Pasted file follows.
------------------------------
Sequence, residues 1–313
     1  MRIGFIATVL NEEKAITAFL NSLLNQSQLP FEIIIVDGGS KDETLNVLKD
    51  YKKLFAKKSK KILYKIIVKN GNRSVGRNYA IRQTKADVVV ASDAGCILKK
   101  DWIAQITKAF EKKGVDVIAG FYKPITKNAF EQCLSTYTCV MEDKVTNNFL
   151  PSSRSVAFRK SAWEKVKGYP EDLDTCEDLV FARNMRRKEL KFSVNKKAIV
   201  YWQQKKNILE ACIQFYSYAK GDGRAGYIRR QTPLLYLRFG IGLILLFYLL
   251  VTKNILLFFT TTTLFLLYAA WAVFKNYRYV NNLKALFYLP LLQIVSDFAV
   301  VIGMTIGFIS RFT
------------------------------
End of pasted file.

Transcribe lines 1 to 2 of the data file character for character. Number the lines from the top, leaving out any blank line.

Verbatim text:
Sequence, residues 1–313
     1  MRIGFIATVL NEEKAITAFL NSLLNQSQLP FEIIIVDGGS KDETLNVLKD